UCLA Fowler Museum, Pacific Standard Time: LA/LA Fran Siegel: Lineage through Landscape: Tracing Egun in Brazil

Fran Siegel: Lineage through Landscape: Tracing Egun in Brazil
(July 23—December 10, 2017)


Fran Siegel’s commissioned work, Lineage through Landscape: Tracing Egun in Brazil, features the artist’s interpretation of Egun (or Egungun), the worship of ancestors. The ritual originated in West Africa and was practiced mainly by followers of Candomblé on Itaparica, an island off the coast of the city of Salvador in Brazil’s northeastern Bahia state. Siegel’s two-part work consists of a thirty-five-foot long woven drawing curving over two walls and an installation of porcelain leaves extending from the drawing, both reflected in a mirrored pillar.

Part of the Fowler Museum’s three-part program for Pacific Standard Time: LA/LA, Siegel’s piece explores how diaspora, continental drift and cultural reconstruction have changed the Brazilian landscape. The New York-born artist’s elegant and intricate work stems from her early studies of the Yoruba people while attending Yale University. Having viewed the artist’s work for Ecuador and her piece Translocation and Overlay at the Art, Design and Architecture Museum at the University of California, Santa Barbara, Fowler director Marla C. Berns invited Siegel to engage the Fowler’s collection as catalyst for a new project. When Siegel spotted a richly layered Afro-Brazilian ensemble worn during the worship of Egun, her direction was sealed. In 2015, during an extended stay in Brazil while on a Fulbright Scholarship, Siegel conducted research at the National Archives in Rio de Janeiro, the Museu Afro in São Paulo and on-site at the Instituto Sacatar on Itaparica. While there, she met with ritual experts, observed Egun ceremonies and began working on the piece, which she completed in her Los Angeles studio.


Fran Siegel (b. 1960, New York, NY)
Lineage through Landscape: Tracing Egun in Brazil, 2015–2017
Suspended Drawing: pencil, pigment, gold leaf, string, and collage on cut drafting film, scrim, cyanotype, sewn and printed fabric
Leaves: porcelain. Length (drawing): 10.97 m
Commissioned by the Fowler Museum at UCLA; Collection of the artist. Photo: Don Cole


In an interview with Fabrik, Siegel explained that there are only two terreiros (worship or community centers solely devoted to Egun) in Brazil, both on the island of Itaparica. In her piece, she emphasized the importance of the island to this ethnic-religious group with a cutout in the shape of the island, as well as through leaf drawings, leaf-shaped cutouts, fabric with leaf patterns and the porcelain installation. “There is a special preserve on the island of Itaparica that contains a range of sacred leaves,” Siegel said. “Each leaf has associations with a specific orixá (deity). So, the landscape becomes codified and personified and connected to the ancestral roots of Africa. Certain leaves are used for distinct Candomblé ceremonies and have curative powers. They can cleanse, are magical and can protect by warding off bad spirits.”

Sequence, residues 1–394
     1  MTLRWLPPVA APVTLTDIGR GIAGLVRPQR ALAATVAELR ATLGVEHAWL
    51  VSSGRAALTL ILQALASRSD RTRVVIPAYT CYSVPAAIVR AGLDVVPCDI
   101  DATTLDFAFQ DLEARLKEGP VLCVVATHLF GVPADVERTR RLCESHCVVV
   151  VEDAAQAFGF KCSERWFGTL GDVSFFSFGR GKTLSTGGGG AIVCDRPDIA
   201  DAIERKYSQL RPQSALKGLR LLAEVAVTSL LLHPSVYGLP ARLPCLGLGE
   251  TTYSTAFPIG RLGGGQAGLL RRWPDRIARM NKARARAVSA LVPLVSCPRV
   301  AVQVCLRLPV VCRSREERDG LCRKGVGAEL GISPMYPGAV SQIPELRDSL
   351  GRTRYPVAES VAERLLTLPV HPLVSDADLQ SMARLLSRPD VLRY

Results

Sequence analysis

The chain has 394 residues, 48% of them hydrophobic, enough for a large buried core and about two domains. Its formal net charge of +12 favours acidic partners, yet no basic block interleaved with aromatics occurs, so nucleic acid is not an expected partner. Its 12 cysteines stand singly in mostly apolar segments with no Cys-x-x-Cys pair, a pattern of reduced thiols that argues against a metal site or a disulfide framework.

The quilted appearance of the work suggests family heritage. Its uneven edges add an irregular quality. “The holes or gaps are a subtractive process (mostly at the left and right edges of the suspended drawing),” Siegel observed, “which allows the piece to visually merge with the gallery space. Shadows are projected in these areas. The mirrored column adds a spatial complication to this work by contrasting ephemerality with physical form. The grid also refers to the Portuguese tiled interiors or courtyards of churches that I saw throughout Bahia. Many tiles have been replaced, so they are mismatched and new associations emerge.”

As in her previous work, Siegel plays here with light, density and shifts in perspective; achieved through the mirror and the juxtaposition of either transparent and non-transparent or coarse and fine-fibred materials. She also embeds symbols of Egun into her portrayal of Afro-Brazilian history. The use of exuberant multicolored fabric, phrases in gold from letters and documents related to the gold trade and various other golden elements integrated into her work refer to the history of Rio de Janeiro. “The central area of the suspended drawing deals with the power of gold and its relationship to Rio,” Siegel noted. “Rio secured its position as the Brazilian capital away from the city of Salvador because they made a more efficient road (Strata Nova) connecting its port with Minas Gerais (where the gold was mined). Slaves came in and gold went out of the Rio port. I’ve included drawings of the Portuguese seal used on gold shipments: the documentation of who and what was exported.”

The Fowler’s Egun ensemble can be viewed in the Fowler’s Getty Gallery as part of Axé Bahia: The Power of Art in an Afro-Brazilian Metropolis, September 24, 2017–April 15, 2018.

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